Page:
Ashley Joseph is not the only college student who has been in a relationship marred by domestic violence. She was intimidated and hesitant to leave her fiancé because of emotional, physical and physiological abuse. It was enough to have her contemplate suicide.
Petrified of becoming another statistic of an African American woman being battered by her lover, Joseph like many other women, did not seek psychiatric assistance because she did not feel comfortable talking to a professional. Yet she was in fear for her life.
"The first incident was when I was promenading out the door. He yanked me by my arm, launched me onto the wall causing me to hit my head and announced that I was not going anywhere. I was perplexed and did not know what to do. Everything happened in a blink of an eye and there I was blaming myself for him being angry, " said Joseph, a 25-year-old graduating senior at Florida A&M University.
Joseph stayed until her fiancé fell asleep and then she fled to a nearby grocery store. Hesitant to seek help, she sat in her car for hours and cried before returning home.
Isolated from her family, peers and confined from the entire world, Joseph’s life began to drastically change for the worse.
"She would call me randomly; her voice would be very shaky, and I knew something was wrong, but she would never fully discuss what she was going through. Everything she said was always short ended. Once she finally told me about the first incident of him pulling her back into the house, I told her if he ever put his hands on her again he will never see what is coming for him," her best friend Arielle Huntlui, 26, said.
Isolated from her family and friends during her three years in the relationship, Joseph became a slave to fear. He instilled in her head that she was alone, and no one cared about her existence. He controlled every move that she made such as phone calls, purchasing items or even walking down the street. Joseph became a prisoner to the man she loved.
According to the National Violence Against Women Survey, African American women experience higher rates of intimate partner homicide when compared to their white counterparts.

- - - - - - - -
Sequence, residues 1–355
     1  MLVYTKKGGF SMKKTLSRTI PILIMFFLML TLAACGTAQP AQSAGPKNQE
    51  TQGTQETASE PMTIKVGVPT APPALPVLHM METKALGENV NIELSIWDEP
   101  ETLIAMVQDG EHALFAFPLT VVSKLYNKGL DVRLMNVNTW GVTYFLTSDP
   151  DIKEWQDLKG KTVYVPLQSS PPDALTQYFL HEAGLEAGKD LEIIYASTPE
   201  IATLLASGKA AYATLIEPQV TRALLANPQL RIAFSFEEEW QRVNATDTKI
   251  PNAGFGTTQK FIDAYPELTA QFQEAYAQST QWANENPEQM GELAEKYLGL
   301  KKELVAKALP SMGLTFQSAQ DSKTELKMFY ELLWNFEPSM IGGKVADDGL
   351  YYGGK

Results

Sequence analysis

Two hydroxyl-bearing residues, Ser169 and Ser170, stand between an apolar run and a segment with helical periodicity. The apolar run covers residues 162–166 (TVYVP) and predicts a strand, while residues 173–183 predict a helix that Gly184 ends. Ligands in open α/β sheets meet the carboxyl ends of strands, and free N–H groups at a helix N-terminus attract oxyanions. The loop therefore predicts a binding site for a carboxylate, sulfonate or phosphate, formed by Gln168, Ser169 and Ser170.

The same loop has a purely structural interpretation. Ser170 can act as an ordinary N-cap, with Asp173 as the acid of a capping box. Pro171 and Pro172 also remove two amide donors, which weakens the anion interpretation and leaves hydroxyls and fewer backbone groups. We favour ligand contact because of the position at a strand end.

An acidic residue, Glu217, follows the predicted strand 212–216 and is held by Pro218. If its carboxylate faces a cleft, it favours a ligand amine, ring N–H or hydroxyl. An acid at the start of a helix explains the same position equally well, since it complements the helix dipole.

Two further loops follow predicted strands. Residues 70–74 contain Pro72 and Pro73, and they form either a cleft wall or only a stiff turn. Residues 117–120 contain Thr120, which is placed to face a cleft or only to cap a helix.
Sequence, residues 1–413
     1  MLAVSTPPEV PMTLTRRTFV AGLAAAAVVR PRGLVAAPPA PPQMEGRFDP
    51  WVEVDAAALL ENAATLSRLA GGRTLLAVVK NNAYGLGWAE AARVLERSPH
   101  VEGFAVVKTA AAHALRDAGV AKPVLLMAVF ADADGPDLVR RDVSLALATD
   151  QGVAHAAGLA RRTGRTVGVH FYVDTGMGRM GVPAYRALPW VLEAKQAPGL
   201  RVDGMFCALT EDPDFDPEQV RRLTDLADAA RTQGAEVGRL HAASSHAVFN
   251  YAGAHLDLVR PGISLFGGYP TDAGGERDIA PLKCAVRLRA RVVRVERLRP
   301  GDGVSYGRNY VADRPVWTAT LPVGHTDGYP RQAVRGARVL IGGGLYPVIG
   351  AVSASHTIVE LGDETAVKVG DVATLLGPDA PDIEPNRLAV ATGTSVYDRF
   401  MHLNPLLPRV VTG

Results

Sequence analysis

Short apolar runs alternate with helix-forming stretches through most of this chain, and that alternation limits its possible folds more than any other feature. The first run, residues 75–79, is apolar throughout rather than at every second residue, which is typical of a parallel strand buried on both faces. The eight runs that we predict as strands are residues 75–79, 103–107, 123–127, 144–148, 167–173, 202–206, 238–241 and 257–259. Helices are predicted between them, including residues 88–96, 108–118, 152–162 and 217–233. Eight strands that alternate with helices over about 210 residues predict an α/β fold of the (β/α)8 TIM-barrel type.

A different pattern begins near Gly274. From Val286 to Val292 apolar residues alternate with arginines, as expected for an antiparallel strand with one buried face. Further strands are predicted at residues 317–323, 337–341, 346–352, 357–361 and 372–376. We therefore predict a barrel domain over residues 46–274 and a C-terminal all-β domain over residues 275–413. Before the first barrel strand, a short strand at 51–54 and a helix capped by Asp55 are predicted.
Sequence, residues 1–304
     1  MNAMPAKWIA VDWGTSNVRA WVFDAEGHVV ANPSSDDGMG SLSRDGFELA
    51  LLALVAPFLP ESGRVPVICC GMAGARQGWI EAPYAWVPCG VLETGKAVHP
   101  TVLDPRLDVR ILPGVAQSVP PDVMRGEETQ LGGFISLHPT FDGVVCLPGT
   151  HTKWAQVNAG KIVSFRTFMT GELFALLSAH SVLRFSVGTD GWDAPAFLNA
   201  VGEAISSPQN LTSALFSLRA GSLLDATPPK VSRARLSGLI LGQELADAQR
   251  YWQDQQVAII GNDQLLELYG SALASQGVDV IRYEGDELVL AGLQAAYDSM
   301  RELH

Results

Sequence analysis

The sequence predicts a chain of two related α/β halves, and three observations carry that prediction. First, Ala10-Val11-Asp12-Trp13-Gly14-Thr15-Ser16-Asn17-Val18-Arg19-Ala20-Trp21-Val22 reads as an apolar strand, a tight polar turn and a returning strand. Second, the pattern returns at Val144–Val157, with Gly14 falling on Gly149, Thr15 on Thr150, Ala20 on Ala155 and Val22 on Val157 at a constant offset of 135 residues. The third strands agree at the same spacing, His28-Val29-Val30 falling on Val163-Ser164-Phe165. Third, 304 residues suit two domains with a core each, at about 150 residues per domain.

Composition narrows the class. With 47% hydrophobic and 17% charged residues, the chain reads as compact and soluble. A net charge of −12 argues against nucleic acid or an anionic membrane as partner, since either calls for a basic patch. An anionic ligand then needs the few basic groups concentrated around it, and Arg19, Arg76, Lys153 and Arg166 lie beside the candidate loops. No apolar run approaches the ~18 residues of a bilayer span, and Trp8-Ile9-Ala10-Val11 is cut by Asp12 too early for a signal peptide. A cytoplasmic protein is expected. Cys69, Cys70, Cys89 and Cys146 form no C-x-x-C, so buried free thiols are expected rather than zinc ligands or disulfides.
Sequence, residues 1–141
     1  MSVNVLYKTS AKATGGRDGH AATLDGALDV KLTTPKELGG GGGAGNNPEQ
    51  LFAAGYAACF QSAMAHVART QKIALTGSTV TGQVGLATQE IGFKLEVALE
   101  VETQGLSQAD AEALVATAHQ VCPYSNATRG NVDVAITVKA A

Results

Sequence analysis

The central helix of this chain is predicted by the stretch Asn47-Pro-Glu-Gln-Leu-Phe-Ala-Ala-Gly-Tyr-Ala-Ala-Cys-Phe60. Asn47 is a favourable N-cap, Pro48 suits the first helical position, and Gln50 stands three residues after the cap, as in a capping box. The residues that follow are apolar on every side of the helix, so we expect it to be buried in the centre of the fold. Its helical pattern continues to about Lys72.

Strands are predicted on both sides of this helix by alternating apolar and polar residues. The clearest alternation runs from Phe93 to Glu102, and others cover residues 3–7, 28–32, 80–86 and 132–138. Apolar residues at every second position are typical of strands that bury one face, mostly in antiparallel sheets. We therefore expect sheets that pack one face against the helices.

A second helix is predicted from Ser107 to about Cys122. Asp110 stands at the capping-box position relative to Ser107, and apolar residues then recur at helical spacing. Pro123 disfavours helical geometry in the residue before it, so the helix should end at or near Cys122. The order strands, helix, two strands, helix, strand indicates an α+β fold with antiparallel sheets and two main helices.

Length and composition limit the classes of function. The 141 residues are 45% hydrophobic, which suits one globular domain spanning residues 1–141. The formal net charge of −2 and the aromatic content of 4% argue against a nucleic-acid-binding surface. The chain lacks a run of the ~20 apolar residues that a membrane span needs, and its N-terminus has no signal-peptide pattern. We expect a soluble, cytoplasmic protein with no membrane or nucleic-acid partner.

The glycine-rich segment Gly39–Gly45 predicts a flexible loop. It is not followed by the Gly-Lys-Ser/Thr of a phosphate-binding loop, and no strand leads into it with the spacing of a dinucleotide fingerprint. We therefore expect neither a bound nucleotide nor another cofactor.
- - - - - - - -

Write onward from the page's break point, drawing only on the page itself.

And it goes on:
"December 4, 2015, will forever be etched in my memory. My day was going godawful and suddenly when he entered the house something in the air smells like death to me. I prepared for this day for some reason. We had been arguing about calling the wedding off because of his indecisiveness. As I was exiting the door he placed me in a chokehold. All I remember hearing him utter is, ‘I am going to kill you.’
"I began to get weak and I felt defenseless, my life began to flash before my eyes. I recall seeing my pastor in an all white gown baptizing me. I opened my eyes and began searching for the nearest object to hit him with. We scuffled, and I was able to reach for a bat in my perimeter. I do not know where I got my strength from, but I was able to strike him one good time before he became weak and defenseless. I then proceeded to hit him with all my rage and frustration until he looked like he could not move.
"I then grabbed the phone and called the police. Fixed in my mind was my pastor's words to my fiancé: ‘You've got a strong woman, I hope you take care of her,’” Joseph said.
In the United States, researchers estimate that their husbands or boyfriends, frequently in the context of an ongoing abusive relationship, kill 40 to 70 percent of female murder victims.
Errol was not arrested when the police arrived. Joseph said she was told by the police officer that they both would get arrested because she used force while fighting him.
Joseph has joined the #METOO movement to inspire other women to get out of abusive relationships and share their stories. “I am alive, a lot of women are afraid to leave because of a plethora of reasons but I want them to know that they can leave,” she said.